Why the Will Reichard Draft Pick Was Worth It

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The Minnesota Vikings added 24 rookies a couple of weeks ago — seven from the draft and 17 from undrafted free agency.

Why the Will Reichard Draft Pick Was Worth It

The roster now stands at 90 men for the spring and summer before the customary 53-man trimdown in late August.

will reichard
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Of course, as usual, some lamented the draft pick of a kicker, saying that selecting men from that position is considered taboo. NFL analysts claim kickers should never be drafted, instead plucked from undrafted free agency, free of charge from any capital.

But here’s why Reichard (pronounced Reich-herd) was worth it.

1. It Was Time to Move On from Greg Joseph

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Let’s get this out of the way: Greg Joseph was cold-blooded — in a good way — most of the time when a football game was on the line. That’s how he stuck around for the Vikings since the start of 2021. He missed a game-winning kick in Week 2 of 2021, but thereafter, the man didn’t miss in crunchtime.

Yet, outside of those situations, Joseph was incredibly mediocre, if not downright poor. He routinely missed extra points more than most good kickers in the business. And in back-to-back seasons, so 2022 and 2023, Joseph ranked in the NFL’s bottom six per overall field goal percentage.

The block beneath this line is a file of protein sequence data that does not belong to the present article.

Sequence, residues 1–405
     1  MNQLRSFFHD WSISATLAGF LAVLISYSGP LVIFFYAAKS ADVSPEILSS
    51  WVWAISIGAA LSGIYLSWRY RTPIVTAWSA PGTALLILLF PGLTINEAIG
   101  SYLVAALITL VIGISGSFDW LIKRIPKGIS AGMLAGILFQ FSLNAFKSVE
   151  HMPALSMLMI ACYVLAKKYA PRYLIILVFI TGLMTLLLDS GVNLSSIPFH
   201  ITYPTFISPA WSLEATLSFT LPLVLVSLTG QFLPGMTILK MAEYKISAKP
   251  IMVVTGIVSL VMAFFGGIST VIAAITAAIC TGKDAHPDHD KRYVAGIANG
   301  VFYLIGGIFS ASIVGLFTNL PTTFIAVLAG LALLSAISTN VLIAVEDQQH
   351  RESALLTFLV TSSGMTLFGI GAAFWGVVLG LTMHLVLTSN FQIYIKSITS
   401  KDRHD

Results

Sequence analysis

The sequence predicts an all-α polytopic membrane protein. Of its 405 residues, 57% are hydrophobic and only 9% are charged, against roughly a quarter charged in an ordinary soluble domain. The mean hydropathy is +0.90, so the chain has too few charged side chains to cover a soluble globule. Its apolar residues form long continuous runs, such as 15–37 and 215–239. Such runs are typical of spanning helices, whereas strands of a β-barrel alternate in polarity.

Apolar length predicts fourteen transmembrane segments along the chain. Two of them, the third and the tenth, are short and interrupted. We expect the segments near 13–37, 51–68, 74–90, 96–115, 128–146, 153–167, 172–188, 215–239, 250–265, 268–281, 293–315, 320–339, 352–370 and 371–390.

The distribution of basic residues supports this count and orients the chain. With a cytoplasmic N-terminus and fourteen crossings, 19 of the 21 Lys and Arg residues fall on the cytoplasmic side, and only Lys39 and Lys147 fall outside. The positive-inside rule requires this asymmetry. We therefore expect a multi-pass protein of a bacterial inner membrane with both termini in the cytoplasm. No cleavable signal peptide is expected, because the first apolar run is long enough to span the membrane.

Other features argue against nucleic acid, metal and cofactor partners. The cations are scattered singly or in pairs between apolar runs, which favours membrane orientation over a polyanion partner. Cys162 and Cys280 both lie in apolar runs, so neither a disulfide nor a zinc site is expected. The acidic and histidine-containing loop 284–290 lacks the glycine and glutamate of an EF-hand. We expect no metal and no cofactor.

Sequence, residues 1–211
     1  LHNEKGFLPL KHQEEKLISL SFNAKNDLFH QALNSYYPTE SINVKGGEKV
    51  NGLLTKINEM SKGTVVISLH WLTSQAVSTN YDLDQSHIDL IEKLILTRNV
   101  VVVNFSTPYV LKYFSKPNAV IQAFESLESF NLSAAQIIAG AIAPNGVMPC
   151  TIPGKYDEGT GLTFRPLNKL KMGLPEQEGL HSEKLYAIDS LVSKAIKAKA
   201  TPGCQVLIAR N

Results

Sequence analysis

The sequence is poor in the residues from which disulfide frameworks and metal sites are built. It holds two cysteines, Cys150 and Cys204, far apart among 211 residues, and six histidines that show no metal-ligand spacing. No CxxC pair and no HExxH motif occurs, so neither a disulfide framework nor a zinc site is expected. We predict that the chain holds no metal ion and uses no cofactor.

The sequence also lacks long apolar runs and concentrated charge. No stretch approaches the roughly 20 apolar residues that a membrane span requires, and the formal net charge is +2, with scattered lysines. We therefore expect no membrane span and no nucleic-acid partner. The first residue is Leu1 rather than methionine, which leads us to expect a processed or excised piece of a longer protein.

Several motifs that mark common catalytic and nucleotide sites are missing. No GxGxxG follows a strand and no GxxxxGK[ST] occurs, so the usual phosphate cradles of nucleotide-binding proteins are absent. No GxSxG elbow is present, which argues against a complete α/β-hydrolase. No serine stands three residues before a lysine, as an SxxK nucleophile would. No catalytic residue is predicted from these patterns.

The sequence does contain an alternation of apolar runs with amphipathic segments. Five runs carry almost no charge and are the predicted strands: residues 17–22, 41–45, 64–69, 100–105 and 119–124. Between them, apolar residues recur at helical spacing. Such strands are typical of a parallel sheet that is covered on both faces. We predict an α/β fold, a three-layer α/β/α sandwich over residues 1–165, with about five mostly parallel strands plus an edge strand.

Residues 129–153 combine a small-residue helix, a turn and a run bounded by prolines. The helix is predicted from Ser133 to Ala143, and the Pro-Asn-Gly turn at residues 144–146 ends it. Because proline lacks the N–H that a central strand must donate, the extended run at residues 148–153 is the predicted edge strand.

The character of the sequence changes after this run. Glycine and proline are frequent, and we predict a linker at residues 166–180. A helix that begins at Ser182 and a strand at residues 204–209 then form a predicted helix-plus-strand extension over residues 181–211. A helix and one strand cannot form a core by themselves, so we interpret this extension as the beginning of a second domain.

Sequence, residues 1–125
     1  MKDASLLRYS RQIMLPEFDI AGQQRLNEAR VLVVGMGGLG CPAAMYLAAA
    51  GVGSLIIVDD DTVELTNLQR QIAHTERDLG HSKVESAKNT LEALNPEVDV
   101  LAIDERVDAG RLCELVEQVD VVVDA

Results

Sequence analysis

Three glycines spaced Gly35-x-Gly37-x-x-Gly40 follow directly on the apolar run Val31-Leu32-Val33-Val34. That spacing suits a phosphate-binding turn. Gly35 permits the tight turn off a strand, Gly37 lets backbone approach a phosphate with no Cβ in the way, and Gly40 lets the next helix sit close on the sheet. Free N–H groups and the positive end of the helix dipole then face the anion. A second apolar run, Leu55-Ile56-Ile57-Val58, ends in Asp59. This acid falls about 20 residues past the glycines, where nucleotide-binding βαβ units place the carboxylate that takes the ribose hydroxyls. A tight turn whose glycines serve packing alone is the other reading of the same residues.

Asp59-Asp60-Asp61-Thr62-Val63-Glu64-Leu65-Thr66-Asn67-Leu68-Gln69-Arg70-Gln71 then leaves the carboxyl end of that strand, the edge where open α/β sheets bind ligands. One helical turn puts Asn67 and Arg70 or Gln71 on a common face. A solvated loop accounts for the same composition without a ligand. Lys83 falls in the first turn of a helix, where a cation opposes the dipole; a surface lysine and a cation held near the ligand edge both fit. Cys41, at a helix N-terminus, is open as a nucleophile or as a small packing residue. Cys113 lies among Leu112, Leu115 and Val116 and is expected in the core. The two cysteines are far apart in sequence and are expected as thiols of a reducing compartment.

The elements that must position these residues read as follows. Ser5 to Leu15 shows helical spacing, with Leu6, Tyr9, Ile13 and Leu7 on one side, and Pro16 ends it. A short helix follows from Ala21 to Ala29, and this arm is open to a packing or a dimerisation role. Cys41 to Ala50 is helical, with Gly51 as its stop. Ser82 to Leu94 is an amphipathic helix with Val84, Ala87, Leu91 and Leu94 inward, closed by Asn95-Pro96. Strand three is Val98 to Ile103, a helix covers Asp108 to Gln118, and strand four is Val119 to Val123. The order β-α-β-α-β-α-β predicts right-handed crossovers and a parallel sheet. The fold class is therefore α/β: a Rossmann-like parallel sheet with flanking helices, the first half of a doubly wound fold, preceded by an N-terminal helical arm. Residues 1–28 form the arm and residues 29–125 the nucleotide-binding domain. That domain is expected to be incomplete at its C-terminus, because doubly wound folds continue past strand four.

Someone must say it — he wasn’t very good.

Therefore, it was time to move on from Joseph, and Minnesota needed a plan for the post-Joseph era when it decided to say sayonara. Undoubtedly, Reichard was one of the options, and the Vikings pounced. They got their guy. Is that really a bad thing?

2. Longstanding Kicking Woes

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Chat with any Vikings fan for longer than two minutes, and the conversation will devolve into swapping war stories about where each person was when Gary Anderson or Blair Walsh missed a kick. Such malarkey is ingrained deep in Vikings fans’ bones.

Since Ryan Longwell departed the club after 2011, no Vikings kicker has lasted more than four seasons. Walsh met his demise soon after the 2015 postseason, and ever since, Minnesota has hoped to find another, well, Longwell.

The Vikings have also struggled to find their organically drafted or discovered kicker. Longwell came from the Green Bay Packers. Once and for all — much like a long-term QB1 — Minnesota needed to unearth its homegrown kicker and employ that gent for five years or more.

Reichard provides hope in that regard.

3. How Does a Team Get the Best Kicker if It’s “Not Allowed” to Draft One?

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Some analysts and fans scream to high heavens that drafting kickers is silly — basically arguing it’s a wasted draft pick because kickers can be plucked from undrafted free agency.

Well, fine. But how does a team obtain the best kicker available if it’s involved in a 32-team bidding war? Cross fingers and pray? Drafting Reichard with a 6th-Round pick was not expensive. It also guaranteed that Minnesota secured the specialist it wanted.

Think of it this way: if the Vikings wanted Reichard as their solution, the only surefire method was to invest a late-round draft pick. That should not be considered a travesty or malpractice.

Dustin Baker is a political scientist who graduated from the University of Minnesota in 2007. Subscribe to his daily YouTube Channel, VikesNow. He hosts a podcast with Bryant McKinnie, which airs every Wednesday with Raun Sawh and Sal Spice. His Vikings obsession dates back to 1996. Listed guilty pleasures: Peanut Butter Ice Cream, ‘The Sopranos,’ Basset Hounds, and The Doors (the band).

All statistics provided by Pro Football Reference / Stathead; all contractual information provided by OverTheCap.com.